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The enemy of the best

One of the most confronting sayings by Jesus can be found in Luke 9:57-62:

As they were going along the road, someone said to him, “I will follow you wherever you go.” And Jesus said to him, “Foxes have holes, and birds of the air have nests, but the Son of Man has nowhere to lay his head.” To another he said, “Follow me.” But he said, “Lord, let me first go and bury my father.” And Jesus [1] said to him, “Leave the dead to bury their own dead. But as for you, go and proclaim the kingdom of God.” Yet another said, “I will follow you, Lord, but let me first say farewell to those at my home.” Jesus said to him, “No one who puts his hand to the plow and looks back is fit for the kingdom of God.”

The people to whom Jesus speaks here are, it seems, willing disciples. They are ready to follow him; they just have a few important family matters to attend to first. Their requests are quite reasonable by any standard you might care to name. Yet Jesus forces them to make a choice. Effectively, he says to them, “Follow me, or do the right thing by your family. You can’t do both.”

It’s important to understand the context of this passage. Just a few verses earlier, Jesus predicted his coming death and resurrection. In Luke 9:51, we read that the days of his being “taken up” are drawing near. From this point on, Jesus resolutely sets his face to go to Jerusalem. He is on a journey from Galilee in the far north to Jerusalem in the south. This journey is not a leisurely stroll through the countryside, it’s a journey of vital importance and urgency. In this context, we can understand a little more why he gives these ultimatums to his would-be disciples. Jesus will not wait for them to bury their dead or say goodbye to their family. If they linger around in Galilee even for a moment, Jesus will be gone. The fulfilment of the kingdom of God is about to take place in his death and resurrection; they must follow now or miss out entirely. Jesus requires radical, wholehearted commitment from those who would follow him.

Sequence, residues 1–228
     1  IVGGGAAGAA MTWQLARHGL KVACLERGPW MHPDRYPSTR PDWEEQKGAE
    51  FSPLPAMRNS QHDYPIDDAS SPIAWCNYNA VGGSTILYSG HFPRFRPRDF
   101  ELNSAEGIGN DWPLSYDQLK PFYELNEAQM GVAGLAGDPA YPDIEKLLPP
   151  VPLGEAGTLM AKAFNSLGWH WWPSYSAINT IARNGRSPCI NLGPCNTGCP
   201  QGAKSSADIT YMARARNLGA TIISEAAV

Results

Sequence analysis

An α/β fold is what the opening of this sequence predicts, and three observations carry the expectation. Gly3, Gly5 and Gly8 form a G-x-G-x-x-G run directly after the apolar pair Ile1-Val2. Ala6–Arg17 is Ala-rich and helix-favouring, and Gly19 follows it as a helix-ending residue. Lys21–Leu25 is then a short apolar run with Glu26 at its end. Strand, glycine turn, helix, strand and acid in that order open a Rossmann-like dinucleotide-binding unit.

We’re not in exactly the same situation as these would-be-disciples. Nevertheless, Luke spends a great deal of his Gospel (roughly 10 chapters) on this ‘travel narrative’, recording the actions and especially the teaching of Jesus on his journey. Here’s a message, it seems, for all would-be disciples in any age. What might this radical, urgent and rather unreasonable teaching of Jesus have to do with us?

Somebody wise once said, “The good is often the enemy of the best”. That is, often in life there are things we can do or relationships in which we could be involved that are good in and of themselves, but which, in the end, distract us and take away our energies from other things or people that we really need to be investing our time or energies in. These ‘good’ things or relationships can easily become the ‘enemy’ of the ‘best’ because it’s very hard to ignore something that is good. If you do try to ignore the ‘good’ for the sake of something better, you may well feel guilty and highly stressed, and you will be criticized. People will say, “But you can’t stop doing that! It’s such a good thing to do!” But sometimes you just need to give it up—bite the bullet—take the flak—wear the blame—let go of something good so that you can do what is best.